ARNOLD PALMER: Well, my feeling, No. 1, is that what is good for the goose is good for the gander. The fact that the whole world is using the ERC2 is my point more than anything else. And the fact that it -- if you just research it. If you look -- I have researched it thoroughly and I know what it means and I know what is happening. My whole point is to have the Amateurs have a little more fun, be able to play and enjoy themselves a little bit more. But as much a point is that I want the rules to be the same for everyone. That means the R&A and the USGA. If I can get that accomplished and have everybody playing the same equipment, that's all I want to do. I think -- I don't think it's good for the game that we play under different rules than the R&A play under.

Q. I think Shane, is that your caddy?


Q. He mentioned that you burned the lip on a number of holes and felt you could have shot 65 yesterday?

ARNOLD PALMER: Well, Shane is young. You have to take that into consideration. (Laughter.) We were kidding. I said, "The holes have cellophane over them all day," yesterday. But I missed a lot of putts. Could have had a good round, but I don't know whether it would have been 65.

Q. Did you play better today or yesterday?

ARNOLD PALMER: I played better today. I only really had one bad hole today, 16. If I make -- that should have been a birdie hole. If I make par there, I shoot 69 or maybe even 68.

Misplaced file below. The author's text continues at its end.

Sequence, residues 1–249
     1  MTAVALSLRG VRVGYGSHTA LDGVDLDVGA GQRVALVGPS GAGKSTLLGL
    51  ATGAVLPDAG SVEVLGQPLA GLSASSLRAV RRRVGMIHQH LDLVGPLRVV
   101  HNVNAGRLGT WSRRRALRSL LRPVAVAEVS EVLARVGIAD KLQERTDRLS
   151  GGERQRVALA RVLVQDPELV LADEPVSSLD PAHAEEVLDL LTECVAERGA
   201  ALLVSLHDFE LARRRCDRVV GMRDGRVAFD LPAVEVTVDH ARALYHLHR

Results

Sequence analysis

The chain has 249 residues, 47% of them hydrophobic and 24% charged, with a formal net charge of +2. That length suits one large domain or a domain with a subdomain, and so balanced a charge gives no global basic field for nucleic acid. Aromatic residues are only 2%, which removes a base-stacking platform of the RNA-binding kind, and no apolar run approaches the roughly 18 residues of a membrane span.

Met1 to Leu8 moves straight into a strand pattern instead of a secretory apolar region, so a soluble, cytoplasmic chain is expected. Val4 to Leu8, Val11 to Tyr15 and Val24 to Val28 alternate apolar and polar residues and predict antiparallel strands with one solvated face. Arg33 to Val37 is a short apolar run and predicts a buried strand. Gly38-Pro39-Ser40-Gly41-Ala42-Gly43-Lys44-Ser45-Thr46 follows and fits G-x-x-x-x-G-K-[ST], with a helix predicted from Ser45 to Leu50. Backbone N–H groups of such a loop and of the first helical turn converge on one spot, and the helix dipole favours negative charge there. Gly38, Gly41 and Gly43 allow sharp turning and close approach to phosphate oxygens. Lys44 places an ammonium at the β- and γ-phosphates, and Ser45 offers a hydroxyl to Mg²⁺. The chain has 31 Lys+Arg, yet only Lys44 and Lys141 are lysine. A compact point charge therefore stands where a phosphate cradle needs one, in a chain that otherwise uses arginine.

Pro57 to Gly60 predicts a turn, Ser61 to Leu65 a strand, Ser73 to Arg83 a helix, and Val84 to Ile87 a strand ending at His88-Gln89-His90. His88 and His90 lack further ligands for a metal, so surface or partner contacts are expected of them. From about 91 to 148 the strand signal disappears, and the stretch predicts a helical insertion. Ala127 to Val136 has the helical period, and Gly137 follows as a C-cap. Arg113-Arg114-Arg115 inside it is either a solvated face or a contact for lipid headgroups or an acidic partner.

Q. Have you shot your age every year since that 66 in Seattle?

ARNOLD PALMER: In a tournament, I'm not sure that I have, but I think I have, yes. I would not officially say I have, but I've shot my age, maybe not in a tournament. So I can officially say that.

Q. You talk about being upset with shooting 81 on Thursday in the first round, yet you walked around Bermuda Dunes and chatted with everybody, and you were very upbeat and happy. Is it hard for you to hide your disappointment in your game and still be nice to the gallery, or do you just -- how do you balance those two things, with your fans clamoring and you being upset with your round?

ARNOLD PALMER: Well, when you are not hitting the ball well, which I wasn't, and I was having trouble concentrating and I was having trouble trying to find out why I wasn't hitting the ball well, I knew -- well, I knew why I wasn't hitting it well, but I didn't know what the hell to do to correct it. That was it. So, rather than aggravate myself with my game, I talked to all of my friends.

Q. At the age of 71, I'm sure you still have goals, but what are they? Are they simplistic or do you still think that you can win a senior event?

ARNOLD PALMER: You mean do I have a simple mind? (Laughter.) My goals are to continue to do what I've been doing all my life. I enjoy playing golf. I play golf when -- over at Tradition or Latrobe or Bay Hill or Laurel Valley, when I don't have anything else to do, and I enjoy doing that, and I play with my friends and have a lot of fun doing it. My goals are to continue to try to play good golf, and I get very encouraged from time to time. Today, a couple shots that I hit, you know, I thought, well, maybe I should not try them and I tried them and they worked. That's kind of fun. That's where I get my fun, doing things that I know are difficult, but when I pull them off, that's the fun for me. Thank you all very much. Nice to be with you again.

End of FastScripts....